Did you know you can use a convection oven for sublimation? This post walks you through how to sublimate a tumbler using shrink wrap and a convection oven. It’s easier than you think!
If a standalone mug press or tumbler press is outside your budget, or you have something like a Cricut Mug Press which is limited to certain sizes, a convection oven is a great option for sublimating!
You can easily spend $200 and up on a specific heat press for mugs and tumblers—not to mention all of the different inserts for doing a variety of sizes. But you can spend less than $100 for a convection oven and sublimate all sorts of different items using shrink wrap!
Today I’m going to share how to sublimate a tumbler using shrink wrap using a convection oven. One of the things I love about this method is that it’s one and done. You don’t need to press the top half of the tumbler and then press the bottom half of the tumbler. If your convection oven is evenly heated, you don’t even need to rotate the tumbler while it’s cooking! It’s so easy.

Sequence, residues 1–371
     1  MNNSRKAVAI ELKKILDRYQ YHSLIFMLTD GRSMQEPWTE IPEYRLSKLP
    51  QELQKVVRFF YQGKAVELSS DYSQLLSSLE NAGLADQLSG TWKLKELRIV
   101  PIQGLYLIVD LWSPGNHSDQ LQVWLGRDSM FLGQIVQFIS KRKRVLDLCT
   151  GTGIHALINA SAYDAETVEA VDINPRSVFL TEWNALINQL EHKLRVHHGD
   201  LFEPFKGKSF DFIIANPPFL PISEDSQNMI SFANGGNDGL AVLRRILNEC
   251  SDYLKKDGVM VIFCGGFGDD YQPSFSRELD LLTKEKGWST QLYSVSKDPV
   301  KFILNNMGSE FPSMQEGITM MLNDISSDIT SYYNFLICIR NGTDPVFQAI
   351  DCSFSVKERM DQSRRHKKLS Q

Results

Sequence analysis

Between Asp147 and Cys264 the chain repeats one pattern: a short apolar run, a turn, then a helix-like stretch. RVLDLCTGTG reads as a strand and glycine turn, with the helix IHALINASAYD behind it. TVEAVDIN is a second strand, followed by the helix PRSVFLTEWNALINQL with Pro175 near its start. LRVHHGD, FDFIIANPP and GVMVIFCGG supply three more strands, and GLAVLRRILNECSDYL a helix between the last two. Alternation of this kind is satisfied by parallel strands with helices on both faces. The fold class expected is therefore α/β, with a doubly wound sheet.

This post is part of my larger series on sublimation for beginners—everything you need to know about sublimation without all of the technical tutorials and confusing jargon. You can see all of the sublimation posts in this series here!
I’ll be using a 20oz. skinny tumbler with a clear lid and a metal straw for this project, but you can buy all sorts of sublimation blanks and different sizes of shrink wrap to expand the types of sublimation projects you can make in your oven.
Before we get to the tutorial, let’s cover some frequently asked questions!
Using Shrink Wrap for Sublimation Questions